At the beginning of the appellate hearing in the case against former Serbian officials convicted for the crimes in Kosovo, Nikola Sainovic’s defense counsel denied his client’s close ties with Slobodan Milosevic. The defense counsel argued that Milan Milutinovic should have been convicted, not his client. As he said, Milutinovic and Milosevic spent the 78 days of the NATO air campaign at the ‘command post’ with their wives

Nikola Sainovic in the CourtroomNikola Sainovic in the Courtroom

According to the defense of the former FR Yugoslavia deputy prime minister Nikola Sainovic, the conviction of Sainovic and four former Serbian military and police officials for crimes against Kosovo Albanians was ‘not supported by facts, clear and logical’. Sainovic’s defense counsel Toma Fila, from Belgrade, began his presentation by urging the Appeals Chamber to acquit Sainovic on all counts or to give him a drastically reduced sentence. ‘There is a saying, if it walks like a duck, quacks like a duck and looks like a duck, then it is a duck, but that is in fact not always the case’, Fila said, arguing that the findings on the guilt of the accused should be corroborated by facts instead of assumptions.

Nikola Sainovic was sentenced to 22 years for his substantial contribution to the implementation of the joint criminal enterprise aimed at expelling Albanians from Kosovo in the spring of 1995. Generals Nebojsa Pavkovic and Sreten Lukic received the same sentence. The Trial Chamber concluded that Vladimir Lazarevic and Dragoljub Ojdanic were contributors to the joint criminal enterprise. Dragoljub Ojdanic decided to drop his appeal and pleaded guilty to the crimes. The prosecution also decided to withdraw its appeal against Ojdanic’s sentence. Milan Milutinovic, who was the Serbian president at the relevant time, was acquitted of all charges.

Sainovic’s defense contends that Sainovic’s right to a fair trial was violated because he was charged in the indictment as the commander of the Joint Command of the army and police in Kosovo, but was convicted as an alleged ‘political coordinator’ of the forces in the then Serb province. The defense claims that there is no evidence that the Joint Command operated at the time when the crimes were committed. The conclusions about its continued activities were based on the activities of the Joint Command in 1998 and applied by analogy. The chain of command in the army and the police remained intact during the NATO strikes and they did their job without any undue external influence; Sainovic did not influence them in any way, the defense argued.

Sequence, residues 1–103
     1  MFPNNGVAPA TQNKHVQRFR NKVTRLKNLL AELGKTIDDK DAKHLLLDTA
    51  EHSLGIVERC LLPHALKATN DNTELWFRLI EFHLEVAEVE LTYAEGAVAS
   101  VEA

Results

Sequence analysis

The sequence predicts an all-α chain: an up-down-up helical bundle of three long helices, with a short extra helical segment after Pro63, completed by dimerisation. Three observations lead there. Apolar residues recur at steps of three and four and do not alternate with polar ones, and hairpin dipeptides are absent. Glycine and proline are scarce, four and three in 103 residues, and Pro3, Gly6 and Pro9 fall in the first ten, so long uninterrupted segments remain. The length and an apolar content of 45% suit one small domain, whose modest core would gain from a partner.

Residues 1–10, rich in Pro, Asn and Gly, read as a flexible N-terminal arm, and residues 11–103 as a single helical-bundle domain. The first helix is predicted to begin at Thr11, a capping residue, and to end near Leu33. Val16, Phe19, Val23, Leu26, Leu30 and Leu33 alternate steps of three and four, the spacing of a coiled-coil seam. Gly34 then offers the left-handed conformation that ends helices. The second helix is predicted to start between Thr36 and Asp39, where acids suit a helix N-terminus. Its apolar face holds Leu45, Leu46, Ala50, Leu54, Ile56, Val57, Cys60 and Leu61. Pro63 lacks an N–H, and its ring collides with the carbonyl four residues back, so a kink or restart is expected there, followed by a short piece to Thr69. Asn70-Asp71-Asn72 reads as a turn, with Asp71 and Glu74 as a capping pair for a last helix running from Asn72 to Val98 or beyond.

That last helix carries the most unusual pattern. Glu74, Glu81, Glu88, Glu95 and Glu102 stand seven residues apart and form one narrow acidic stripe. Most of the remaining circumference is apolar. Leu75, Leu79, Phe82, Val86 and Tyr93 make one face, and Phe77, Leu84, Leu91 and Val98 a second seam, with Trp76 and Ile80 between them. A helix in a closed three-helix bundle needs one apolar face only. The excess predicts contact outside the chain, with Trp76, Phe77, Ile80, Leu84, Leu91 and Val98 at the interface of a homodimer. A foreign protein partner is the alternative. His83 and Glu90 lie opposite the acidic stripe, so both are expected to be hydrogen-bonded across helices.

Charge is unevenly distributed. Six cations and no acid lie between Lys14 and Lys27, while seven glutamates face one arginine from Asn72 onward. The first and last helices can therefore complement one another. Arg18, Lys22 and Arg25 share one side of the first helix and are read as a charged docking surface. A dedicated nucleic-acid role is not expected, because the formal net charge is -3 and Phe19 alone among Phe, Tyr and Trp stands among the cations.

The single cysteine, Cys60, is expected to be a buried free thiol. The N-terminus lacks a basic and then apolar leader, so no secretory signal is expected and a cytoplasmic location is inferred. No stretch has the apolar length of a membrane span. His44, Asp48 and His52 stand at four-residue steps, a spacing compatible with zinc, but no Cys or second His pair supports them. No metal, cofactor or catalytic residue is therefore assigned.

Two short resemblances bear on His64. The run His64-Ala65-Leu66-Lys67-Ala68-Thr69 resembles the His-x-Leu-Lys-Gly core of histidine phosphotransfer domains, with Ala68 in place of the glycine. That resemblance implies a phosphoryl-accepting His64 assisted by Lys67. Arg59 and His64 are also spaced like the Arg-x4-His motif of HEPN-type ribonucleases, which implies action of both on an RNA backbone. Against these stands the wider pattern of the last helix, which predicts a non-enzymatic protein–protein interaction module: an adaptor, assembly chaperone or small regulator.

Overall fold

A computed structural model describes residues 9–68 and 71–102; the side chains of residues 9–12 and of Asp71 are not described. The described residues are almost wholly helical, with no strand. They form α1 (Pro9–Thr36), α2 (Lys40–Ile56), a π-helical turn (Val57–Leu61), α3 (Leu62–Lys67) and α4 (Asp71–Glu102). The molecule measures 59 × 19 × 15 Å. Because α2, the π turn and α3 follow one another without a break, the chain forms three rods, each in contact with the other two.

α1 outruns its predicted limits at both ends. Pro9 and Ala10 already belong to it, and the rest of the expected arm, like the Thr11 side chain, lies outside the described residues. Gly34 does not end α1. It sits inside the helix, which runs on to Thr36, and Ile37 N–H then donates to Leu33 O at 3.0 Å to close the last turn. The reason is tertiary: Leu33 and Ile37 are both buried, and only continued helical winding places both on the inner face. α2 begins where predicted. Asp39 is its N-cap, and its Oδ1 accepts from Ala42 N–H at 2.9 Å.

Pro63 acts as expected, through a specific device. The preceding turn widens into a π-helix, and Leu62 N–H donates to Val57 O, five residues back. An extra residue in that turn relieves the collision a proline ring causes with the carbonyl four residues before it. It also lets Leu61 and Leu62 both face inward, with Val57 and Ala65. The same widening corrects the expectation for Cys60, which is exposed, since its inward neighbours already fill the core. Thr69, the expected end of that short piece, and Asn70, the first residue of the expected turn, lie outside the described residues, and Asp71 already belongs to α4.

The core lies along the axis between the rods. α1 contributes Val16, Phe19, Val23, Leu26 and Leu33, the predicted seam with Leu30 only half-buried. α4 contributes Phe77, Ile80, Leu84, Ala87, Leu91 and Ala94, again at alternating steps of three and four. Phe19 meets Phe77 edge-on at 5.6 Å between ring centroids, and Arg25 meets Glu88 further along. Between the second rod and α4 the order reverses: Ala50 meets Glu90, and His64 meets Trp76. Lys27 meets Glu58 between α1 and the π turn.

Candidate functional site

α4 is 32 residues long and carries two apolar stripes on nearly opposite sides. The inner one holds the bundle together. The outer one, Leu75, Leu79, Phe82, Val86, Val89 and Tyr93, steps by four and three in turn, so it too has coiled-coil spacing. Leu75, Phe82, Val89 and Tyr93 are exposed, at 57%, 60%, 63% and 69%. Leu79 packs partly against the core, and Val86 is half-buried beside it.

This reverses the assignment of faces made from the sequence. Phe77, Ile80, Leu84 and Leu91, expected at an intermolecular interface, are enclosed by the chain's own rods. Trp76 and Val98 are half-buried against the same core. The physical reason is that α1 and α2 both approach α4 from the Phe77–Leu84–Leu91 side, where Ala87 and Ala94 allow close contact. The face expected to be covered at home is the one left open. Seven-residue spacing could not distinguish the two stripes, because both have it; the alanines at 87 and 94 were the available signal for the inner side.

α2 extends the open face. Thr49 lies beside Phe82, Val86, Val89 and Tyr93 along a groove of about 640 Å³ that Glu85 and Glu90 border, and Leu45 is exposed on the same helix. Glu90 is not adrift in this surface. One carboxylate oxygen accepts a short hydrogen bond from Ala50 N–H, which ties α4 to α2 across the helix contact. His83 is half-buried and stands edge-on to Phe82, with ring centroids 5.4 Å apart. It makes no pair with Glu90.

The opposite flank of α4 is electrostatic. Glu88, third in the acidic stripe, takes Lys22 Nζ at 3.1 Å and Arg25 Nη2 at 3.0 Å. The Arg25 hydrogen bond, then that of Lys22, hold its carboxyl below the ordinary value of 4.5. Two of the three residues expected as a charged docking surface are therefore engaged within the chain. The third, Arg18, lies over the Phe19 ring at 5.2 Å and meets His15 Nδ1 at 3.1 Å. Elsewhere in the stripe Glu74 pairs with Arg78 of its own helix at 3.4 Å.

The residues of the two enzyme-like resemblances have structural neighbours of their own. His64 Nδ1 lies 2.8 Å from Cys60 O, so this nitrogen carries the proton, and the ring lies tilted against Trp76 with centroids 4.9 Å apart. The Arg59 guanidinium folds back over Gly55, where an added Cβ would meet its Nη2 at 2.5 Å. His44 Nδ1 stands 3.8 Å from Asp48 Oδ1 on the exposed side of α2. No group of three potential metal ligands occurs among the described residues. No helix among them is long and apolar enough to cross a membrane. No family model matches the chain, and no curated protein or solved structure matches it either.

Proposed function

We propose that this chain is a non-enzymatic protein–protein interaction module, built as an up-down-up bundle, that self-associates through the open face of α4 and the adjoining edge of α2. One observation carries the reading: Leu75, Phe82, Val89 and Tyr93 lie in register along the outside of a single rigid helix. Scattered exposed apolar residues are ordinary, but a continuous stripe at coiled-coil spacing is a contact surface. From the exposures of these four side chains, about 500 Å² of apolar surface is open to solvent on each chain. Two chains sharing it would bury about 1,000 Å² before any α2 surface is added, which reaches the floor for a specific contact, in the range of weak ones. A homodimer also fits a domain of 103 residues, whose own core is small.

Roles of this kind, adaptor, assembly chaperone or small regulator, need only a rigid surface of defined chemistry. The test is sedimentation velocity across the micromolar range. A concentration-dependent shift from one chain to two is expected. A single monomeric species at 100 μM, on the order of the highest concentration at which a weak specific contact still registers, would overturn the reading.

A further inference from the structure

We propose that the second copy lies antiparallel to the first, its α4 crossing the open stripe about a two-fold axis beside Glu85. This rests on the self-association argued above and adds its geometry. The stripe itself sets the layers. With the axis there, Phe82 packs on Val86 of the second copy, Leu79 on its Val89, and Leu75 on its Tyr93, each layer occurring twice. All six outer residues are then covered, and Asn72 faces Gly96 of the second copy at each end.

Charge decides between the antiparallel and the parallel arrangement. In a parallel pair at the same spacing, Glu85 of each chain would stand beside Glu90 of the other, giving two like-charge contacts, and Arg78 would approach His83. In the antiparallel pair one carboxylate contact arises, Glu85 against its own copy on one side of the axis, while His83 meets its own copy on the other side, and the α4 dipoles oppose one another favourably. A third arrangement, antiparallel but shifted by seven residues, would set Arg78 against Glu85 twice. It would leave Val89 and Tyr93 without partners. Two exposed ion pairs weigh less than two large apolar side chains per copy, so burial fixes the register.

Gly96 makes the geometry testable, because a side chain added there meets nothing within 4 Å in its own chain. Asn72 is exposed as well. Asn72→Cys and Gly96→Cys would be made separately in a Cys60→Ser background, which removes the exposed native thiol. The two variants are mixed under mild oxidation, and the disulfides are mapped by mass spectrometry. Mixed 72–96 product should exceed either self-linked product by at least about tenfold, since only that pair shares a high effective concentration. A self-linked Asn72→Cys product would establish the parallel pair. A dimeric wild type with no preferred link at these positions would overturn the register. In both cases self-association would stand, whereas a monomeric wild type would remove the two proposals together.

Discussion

The defense denied the existence of the joint criminal enterprise. If there was no joint criminal enterprise, the accused couldn’t have participated in it, the defense argued, adding that there was no evidence about a plan to expel Albanians. According to the defense, in that respect the Trial Chamber relied ‘only’ on the conclusion that there was a pattern of systematic and widespread terror campaign against Albanians.

In his argument, Fila claimed that Sainovic had no authority over the army and the police, and that he was sidelined in the ruling Socialist Party of Serbia. Furthermore, as Fila claimed, Sainovic was a bit player at the meetings about Kosovo and he didn’t work closely with Slobodan Milosevic. According to the trial judgment, the joint criminal enterprise was headed by Milosevic. In effect, Fila was strongly reminded of the section of the judgment in which Milan Milutinovic was acquitted. He mused aloud ‘there has been a mix-up’ of Sainovic and Milutinovic.

Fila focused his efforts on refuting the existence of any ties between Sainovic and Milosevic. In 1999, the contacts between Sainovic and Milosevic were limited; Milutinovic, on the other hand, was indisputably close with Milosevic, Fila said. Throughout the 78 days of the NATO air campaign, the presidents of Yugoslavia and Serbia were at the ‘command post round the clock’, together with their wives. But, Fila concluded, Sainovic was convicted as Milosevic’s close collaborator while Milutinovic was acquitted. Fila added that he didn’t know ‘how and why’ Milutinovic merited this ‘protection’.

In his response, the prosecutor mostly highlighted the instances where the defense misinterpreted the trial judgment. For example, the prosecutor said, the conclusion in the judgment about the plan to expel Albanians was based not only on the pattern of crimes, but also on the build-up of the military and police forces in Kosovo before the start of the NATO campaign, the efforts to arm the Serb civilians and to disarm the Albanians, stripping the expelled Albanians of their identity documents, and finally covering up the crimes by removing the bodies from Kosovo to Serbia. The prosecutor also noted that the trial judges didn’t reach their conclusion that the Joint Command existed in 1999 based on the analogy with a previous period: the finding relied on a number of testimonies and documents including the 16 orders issued by that body. The prosecutor agreed that the chains of command in the army and the police hadn’t been disrupted. The Joint Command, and Sainovic, used them to implement Milosevic’s orders, the prosecutor concluded.

The defense of VJ general Nebojsa Pavkovic should present its argument tomorrow.

Nikola Sainovic in the Courtroom
Toma Fila, deffence attorney of Nikola Sainovic